Download A Passion for This Earth: Writers, Scientists, and Activists by Alan Weisman, Richard Mabey, Rick Bass, Helen Caldicott, PDF

By Alan Weisman, Richard Mabey, Rick Bass, Helen Caldicott, Michelle Benjamin

David Suzuki's lifelong paintings as an environmentalist, naturalist, and scientist have prompted numerous others of their struggle to avoid wasting the planet, 20 such devotees of them have contributed to this inspiring assortment. those newshounds, scientists, writers and environmentalists have taken their enthusiasm for Suzuki's philosophy and funneled it into their very own own memories, manifestos, and essays: Rick Bass describes his love for the Yaak Valley in Montana; Richard Mabey takes readers to a moonlit could night in Suffolk; David Helvarg tells united states stirring seashore reminiscence from his early life. it doesn't matter what trip those writers take us on, the unifying subject in their paintings is usually an analogous: a deep and abiding love of nature — encouraged and shared via David Suzuki.

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Extra info for A Passion for This Earth: Writers, Scientists, and Activists Explore Our Relationship with Nature and the Environment

Example text

The curriculum did not venture beyond the boundaries set by the instructional materials (p. 66). Thomas Kuhn, in The Structure of Scientific Revolutions (1970) makes clear that science textbooks convey an image of what science is and how it works. He writes that “[m]ore than any other single aspect of science, [the textbook] has determined our image of the nature of science and of the role of discovery and invention in its advance” (p. 143). The significant role in instruction played by textbooks necessitates a look at how they portray the nature of science.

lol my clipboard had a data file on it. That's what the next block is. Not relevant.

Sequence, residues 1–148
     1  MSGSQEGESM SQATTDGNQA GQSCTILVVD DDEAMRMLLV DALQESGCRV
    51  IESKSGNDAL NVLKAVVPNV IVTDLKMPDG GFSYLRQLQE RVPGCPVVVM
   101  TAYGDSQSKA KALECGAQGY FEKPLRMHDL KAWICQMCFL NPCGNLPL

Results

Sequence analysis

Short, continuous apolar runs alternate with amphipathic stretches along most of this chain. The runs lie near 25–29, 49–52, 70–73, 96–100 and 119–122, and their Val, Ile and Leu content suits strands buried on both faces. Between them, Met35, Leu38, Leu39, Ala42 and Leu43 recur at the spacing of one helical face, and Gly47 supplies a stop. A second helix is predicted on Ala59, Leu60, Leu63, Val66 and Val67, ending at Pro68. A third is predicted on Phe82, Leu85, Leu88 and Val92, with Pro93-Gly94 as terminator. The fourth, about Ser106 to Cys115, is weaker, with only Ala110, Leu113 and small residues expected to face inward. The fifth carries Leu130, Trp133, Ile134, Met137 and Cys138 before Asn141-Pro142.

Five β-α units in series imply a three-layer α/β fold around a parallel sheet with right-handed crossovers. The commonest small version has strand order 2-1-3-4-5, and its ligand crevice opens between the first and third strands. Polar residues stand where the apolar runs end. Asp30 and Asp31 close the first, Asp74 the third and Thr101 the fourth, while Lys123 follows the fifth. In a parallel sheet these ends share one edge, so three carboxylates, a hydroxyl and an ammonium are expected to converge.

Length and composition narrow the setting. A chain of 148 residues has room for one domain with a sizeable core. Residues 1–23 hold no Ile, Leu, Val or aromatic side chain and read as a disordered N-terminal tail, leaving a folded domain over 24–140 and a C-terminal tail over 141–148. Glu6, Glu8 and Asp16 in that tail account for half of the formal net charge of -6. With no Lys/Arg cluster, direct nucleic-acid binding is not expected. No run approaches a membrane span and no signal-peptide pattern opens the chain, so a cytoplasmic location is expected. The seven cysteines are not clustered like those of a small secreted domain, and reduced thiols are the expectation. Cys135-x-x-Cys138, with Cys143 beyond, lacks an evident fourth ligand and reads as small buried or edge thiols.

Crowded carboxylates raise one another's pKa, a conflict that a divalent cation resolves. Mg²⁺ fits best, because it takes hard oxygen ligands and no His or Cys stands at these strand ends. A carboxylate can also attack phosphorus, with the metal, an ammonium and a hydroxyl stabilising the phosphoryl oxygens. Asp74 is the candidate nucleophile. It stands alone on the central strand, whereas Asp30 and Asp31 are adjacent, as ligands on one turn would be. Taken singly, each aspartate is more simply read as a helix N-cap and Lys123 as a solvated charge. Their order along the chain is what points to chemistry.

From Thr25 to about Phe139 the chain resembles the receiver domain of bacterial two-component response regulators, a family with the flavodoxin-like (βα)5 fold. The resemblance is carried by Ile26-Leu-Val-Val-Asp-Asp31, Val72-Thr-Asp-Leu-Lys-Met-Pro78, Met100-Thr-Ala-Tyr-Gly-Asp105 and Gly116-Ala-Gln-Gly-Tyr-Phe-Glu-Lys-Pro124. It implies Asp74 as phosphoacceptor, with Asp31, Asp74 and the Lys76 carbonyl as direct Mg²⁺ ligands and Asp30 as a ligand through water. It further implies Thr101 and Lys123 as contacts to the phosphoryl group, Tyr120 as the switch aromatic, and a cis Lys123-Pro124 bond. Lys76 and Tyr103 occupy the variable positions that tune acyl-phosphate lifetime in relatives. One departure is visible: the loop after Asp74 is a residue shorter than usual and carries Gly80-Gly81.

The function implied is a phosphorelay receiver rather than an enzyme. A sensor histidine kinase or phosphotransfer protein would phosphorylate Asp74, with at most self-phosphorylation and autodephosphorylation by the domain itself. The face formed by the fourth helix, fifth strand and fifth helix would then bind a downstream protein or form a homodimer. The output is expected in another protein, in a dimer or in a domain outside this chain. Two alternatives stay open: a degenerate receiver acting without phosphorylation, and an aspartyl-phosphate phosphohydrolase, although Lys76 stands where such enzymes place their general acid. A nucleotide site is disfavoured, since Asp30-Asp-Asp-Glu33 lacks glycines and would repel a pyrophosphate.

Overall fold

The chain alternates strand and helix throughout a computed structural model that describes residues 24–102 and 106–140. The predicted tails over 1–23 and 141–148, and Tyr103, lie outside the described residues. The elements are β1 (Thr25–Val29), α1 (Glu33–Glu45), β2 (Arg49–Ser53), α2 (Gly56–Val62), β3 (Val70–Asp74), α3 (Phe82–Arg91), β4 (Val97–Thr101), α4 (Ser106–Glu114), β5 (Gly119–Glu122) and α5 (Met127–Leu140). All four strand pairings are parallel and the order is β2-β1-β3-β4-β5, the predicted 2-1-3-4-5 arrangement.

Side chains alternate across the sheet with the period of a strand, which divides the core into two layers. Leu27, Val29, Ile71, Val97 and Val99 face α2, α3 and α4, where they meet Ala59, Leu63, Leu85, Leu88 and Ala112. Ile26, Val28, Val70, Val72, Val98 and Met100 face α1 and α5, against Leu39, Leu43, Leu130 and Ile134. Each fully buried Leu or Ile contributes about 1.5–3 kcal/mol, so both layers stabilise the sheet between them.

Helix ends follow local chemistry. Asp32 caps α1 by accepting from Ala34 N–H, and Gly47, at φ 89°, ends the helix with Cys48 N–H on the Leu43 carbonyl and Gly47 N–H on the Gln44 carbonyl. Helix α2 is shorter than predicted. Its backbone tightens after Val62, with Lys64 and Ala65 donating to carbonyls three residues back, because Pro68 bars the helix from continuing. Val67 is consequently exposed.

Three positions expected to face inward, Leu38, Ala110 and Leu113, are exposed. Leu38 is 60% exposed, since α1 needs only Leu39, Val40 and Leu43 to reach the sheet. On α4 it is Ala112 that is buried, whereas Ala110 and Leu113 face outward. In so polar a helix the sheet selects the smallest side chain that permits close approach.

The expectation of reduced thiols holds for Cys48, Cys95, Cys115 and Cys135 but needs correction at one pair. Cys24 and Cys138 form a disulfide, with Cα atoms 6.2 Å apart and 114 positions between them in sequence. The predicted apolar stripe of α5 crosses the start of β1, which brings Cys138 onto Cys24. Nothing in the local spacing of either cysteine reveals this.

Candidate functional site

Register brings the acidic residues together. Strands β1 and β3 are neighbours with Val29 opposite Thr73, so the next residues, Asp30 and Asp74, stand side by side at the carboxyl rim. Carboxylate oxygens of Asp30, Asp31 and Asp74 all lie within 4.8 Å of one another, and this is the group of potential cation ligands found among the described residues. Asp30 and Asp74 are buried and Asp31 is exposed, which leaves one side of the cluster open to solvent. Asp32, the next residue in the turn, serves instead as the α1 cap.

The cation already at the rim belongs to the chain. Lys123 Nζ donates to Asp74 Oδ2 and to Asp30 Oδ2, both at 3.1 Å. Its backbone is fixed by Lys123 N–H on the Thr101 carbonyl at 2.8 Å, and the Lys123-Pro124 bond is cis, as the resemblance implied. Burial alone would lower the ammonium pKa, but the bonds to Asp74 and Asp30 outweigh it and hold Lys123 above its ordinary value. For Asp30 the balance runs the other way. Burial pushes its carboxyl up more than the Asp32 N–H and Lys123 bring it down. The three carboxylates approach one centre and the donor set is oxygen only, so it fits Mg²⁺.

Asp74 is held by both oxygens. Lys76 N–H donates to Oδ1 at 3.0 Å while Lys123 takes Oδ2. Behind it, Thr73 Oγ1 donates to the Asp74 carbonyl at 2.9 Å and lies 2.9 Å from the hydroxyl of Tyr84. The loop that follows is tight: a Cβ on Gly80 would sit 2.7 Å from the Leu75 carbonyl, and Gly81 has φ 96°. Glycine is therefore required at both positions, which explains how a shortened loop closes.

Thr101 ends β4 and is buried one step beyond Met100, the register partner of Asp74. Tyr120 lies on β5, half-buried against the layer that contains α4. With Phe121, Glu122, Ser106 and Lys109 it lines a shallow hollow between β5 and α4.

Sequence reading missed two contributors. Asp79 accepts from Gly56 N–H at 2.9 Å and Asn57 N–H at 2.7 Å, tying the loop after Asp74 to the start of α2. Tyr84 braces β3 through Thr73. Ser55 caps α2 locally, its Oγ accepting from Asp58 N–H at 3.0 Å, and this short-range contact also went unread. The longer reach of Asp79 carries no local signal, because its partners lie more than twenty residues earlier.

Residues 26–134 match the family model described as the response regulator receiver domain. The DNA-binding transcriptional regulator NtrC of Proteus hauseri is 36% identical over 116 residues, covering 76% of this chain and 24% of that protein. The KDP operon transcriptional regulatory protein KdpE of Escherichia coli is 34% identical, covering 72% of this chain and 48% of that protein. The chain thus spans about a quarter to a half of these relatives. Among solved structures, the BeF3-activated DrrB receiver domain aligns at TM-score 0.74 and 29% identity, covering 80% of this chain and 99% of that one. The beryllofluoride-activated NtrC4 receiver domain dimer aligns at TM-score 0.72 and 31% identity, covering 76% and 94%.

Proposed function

The force with which the outer electrons are held in the atom varies for different substances. The electrons are held more firmly in rubber than in fur, for example. Hence, when a rubber rod is rubbed by a piece of fur, electrons transfer From the fur to the rubber rod. The rubber therefore has an excess of electrons and is said to be negatively charged. The fur, in turn, has a deficiency of electrons and is said to be positively charged. (In Munby, 1976, p. 121) 22 W. CLOUGH AND H. , electrons are bound, dislodged, transferred) conveys an entirely different message concerning the ontological status of electrons.

Simply counting the number of times certain words or phrases appeared in the stories revealed some interesting differences between students who had received the three different teaching styles. For example (pp. 202-3): Pupils who had been exposed to the H style ofteaching used words such as ‘idea’, ‘think’, ‘thought’, ‘problem’, ‘question’, ‘test’, ‘testing’, ‘check’, and ‘clues’ more often than did those who had been in the I or V groups. Pupils from the I group seemed to favor words such as ‘record’, ‘recording’, ‘noted’, ‘sample’, ‘specimen’, ‘notice’, ‘look’, ‘observations’, ‘information’, ‘discovery’, ‘theory’, ‘pattern’, and ‘conclusion’ .

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